I've been considering the master gardener program through u of Illinois but for now it it too much commitment. Yesterday I went to Restore and got everything I need for my coldframe. A patio door and two windows plus 4 hardwood cabinet doors for the front and back. Only fifteen bucks for all that :). I also bought 2x4s for the framing but that is going to wait. I set the windows in place hoping to thaw the ground so I can get to work. It's January - how nuts is this?!? Oh and I was thinking of making a solar powered geothermal unit underneath. Thought that would be a good project for the kids.
 

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I just bought a box of grow lights for the basement. Maybe I'll have time to set up the cold frame this week end. I'm dying to start some lettuce and beats and spinach.
 

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Hey guys. I've been accepted to a Master Gardener program through Rutgers University. It starts this Feb. I've always wanted to do this and now I have the opportunity. Bucket list, baby! I'm so excited!
Energyvet, that is great, what fun!

It's too early for me to be starting anything yet. I usually start onions in flats around valentines day. Right now busy with garden layout on paper.
 

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Thanks Red! I thought this week end but it may be Feb before I get anything accomplished. Big ideas but a tired body. :-/
 

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I'm a hot pepper farmer (hobby mostly), but I still take it seriously. Some super hot pepper varieties take up to six months before they start making peppers and are extremely finicky to keep alive. I'm in western Kentucky and we have a nice long growing season here, but still not long enough for super hot peppers. I start growing under lights around the first of the year. I start getting stuff together and germinating seeds while I'm off work for Christmas. I currently have around 450 baby pepper plants under lights in my basement and I'll move them out to the greenhouse in March. Then I start everything else. I start tomato plants for my family and in-laws to take and few other veggies that are slow starters. Most of our vegetables are direct planted in the ground since we have such a long season here. Each year I grow a little more than the year before and we can what we need and give a lot away. If all goes well this year, I'll start selling at our local farmers markets. I would love to do this for a living, but just not enough money in it so far. We have very mild winters here so in the fall I carpet bomb the garden with a variety of spinach, kale, lettuce, and shard as a cover crop and we have fresh greens during the winter months. The downside is it can get really hot and dry here in the summer and kill all the cool weather greens so we mainly get fresh lettuce and greens in the winter months. Chicken poop for fertilizer is the main reason I ended up with chickens. I did not want the hassle of taking care of chickens AND taking care the pepper garden, but the wife kept at bugging me about getting chickens. She finally got to me with the fertilizer....fresh eggs aren't a bad perk either.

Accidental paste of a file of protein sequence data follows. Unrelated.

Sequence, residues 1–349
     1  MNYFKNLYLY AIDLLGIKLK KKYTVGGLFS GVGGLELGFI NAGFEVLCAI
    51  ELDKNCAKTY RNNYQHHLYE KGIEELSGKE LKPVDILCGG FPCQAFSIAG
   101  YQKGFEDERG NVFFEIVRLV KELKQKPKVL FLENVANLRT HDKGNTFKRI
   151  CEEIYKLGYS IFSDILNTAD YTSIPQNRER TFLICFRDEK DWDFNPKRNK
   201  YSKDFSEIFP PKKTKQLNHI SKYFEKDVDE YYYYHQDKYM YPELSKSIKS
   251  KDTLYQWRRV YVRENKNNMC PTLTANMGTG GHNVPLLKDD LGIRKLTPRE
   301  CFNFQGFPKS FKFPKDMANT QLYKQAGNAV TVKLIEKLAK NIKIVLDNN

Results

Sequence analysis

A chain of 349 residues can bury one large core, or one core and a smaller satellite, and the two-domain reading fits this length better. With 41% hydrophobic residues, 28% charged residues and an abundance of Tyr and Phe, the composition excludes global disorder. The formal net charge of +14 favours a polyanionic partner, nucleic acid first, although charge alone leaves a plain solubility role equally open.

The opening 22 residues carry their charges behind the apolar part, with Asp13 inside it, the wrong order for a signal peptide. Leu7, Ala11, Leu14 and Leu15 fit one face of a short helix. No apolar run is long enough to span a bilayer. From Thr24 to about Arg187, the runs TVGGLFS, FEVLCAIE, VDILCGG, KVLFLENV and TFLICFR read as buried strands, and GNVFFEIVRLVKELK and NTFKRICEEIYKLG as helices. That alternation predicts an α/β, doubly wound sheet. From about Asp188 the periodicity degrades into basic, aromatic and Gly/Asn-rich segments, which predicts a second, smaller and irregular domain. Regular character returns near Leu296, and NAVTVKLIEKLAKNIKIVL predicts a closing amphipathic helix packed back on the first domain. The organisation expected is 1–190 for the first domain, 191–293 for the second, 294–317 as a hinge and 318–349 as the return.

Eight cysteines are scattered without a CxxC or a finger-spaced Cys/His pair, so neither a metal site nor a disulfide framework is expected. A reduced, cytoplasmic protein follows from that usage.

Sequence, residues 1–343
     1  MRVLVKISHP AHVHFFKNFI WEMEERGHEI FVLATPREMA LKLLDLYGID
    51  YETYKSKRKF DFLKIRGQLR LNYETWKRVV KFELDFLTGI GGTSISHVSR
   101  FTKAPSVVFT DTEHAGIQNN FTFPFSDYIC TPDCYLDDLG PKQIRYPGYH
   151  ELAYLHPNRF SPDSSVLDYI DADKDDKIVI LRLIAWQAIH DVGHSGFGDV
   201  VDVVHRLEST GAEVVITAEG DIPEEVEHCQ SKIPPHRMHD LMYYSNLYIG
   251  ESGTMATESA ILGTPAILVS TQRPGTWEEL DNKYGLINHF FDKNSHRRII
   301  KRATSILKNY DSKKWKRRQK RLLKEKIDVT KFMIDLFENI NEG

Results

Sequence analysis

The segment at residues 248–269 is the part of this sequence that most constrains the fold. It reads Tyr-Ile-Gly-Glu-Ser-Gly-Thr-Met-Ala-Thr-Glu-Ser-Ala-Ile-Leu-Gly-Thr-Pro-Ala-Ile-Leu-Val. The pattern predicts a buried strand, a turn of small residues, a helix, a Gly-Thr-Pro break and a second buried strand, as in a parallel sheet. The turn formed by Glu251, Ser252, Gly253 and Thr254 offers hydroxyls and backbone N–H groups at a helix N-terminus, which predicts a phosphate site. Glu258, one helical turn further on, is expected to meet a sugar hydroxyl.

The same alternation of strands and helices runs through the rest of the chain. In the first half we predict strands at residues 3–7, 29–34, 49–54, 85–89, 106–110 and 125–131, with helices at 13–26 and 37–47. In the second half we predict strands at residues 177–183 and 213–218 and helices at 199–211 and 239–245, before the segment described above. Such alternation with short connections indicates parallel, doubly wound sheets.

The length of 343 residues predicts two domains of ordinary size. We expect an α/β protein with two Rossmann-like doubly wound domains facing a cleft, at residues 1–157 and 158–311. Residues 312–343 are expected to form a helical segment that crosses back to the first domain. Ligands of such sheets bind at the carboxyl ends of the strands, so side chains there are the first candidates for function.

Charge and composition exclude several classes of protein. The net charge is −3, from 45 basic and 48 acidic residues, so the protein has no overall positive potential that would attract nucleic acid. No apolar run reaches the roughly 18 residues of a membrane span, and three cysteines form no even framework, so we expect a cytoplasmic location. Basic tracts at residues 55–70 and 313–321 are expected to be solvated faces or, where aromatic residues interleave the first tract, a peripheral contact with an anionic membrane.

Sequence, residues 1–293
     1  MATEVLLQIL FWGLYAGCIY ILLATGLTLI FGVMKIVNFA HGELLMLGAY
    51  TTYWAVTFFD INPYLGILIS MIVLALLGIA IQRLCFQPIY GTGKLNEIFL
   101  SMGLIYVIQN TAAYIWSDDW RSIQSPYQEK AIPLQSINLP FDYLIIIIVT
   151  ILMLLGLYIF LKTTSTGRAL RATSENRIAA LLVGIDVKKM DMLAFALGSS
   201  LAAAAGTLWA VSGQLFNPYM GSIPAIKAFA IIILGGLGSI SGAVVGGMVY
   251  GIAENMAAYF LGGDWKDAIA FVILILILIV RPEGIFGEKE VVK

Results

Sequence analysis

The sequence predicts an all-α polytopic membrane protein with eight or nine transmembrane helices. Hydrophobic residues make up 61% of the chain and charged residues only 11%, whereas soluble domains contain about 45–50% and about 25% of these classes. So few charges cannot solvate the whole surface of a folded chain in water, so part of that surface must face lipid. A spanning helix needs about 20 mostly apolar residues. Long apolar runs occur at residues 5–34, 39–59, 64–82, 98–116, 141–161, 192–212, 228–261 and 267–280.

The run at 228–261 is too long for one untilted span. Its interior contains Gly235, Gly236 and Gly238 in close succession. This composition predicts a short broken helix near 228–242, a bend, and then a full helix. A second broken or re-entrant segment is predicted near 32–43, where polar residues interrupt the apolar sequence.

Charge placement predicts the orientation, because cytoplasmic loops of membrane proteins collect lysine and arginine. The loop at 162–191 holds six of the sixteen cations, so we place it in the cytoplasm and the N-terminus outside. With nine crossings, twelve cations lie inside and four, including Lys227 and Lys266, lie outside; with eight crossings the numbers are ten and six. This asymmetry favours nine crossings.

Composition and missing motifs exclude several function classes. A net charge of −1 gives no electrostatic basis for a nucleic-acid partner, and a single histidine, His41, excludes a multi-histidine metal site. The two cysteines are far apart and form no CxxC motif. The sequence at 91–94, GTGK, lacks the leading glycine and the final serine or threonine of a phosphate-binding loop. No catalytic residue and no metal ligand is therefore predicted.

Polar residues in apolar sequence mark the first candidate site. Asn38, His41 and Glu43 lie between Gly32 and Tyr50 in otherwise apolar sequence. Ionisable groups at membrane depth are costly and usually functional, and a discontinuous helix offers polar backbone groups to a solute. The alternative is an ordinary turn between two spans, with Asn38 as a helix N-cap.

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Discussion Starter · #17 ·
Fundabug - is it beneficial to start bell peppers early too? I was going to start them early april to plant out in late May. But if it would help them to have a few more months I would love to start them earlier.
 

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Fundabug - is it beneficial to start bell peppers early too? I was going to start them early april to plant out in late May. But if it would help them to have a few more months I would love to start them earlier.
I start all my peppers, sweet & hot at the same time. Bells & other sweets have a tendency to grow a little faster than the hots. All peppers are delicate skinny little plants at first, so my opinion is give them every advantage you can before you put them outside. I start out in small pods and cull out the weaker plants them move them to bigger peat pots until time to put them in the ground. I live on the edge of tornado alley and we get some absolutely ferocious spring storms and I like my plants to be nice and strong before they go out, but despite that, I always lose a few to the weather every year. However, I'm not a trained gardener in any way, but I know what works for me here in my climate, so it's really up to you. It doesn't hurt them in any way to start early, you just get peppers before everybody else.
 

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Having greens in the winter must be marvelous. I'm really antsy to get my plants under grow lights in the basement. First year for me but I'm jazzing. I hadn't thought about peppers, but I'm thinking now. I usually do red and green peppers and maybe get a few at the end of the season. What you do makes much more sense. Thanks. Lets keep talking.
 

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Last season was horrible here. Way too hot and dry, but having nice healthy plants with good roots, I was still able have a deep freeze full of peppers and shelves of canned veggies. The early start is always worth the extra work in my opinion and I just like messing with my plants.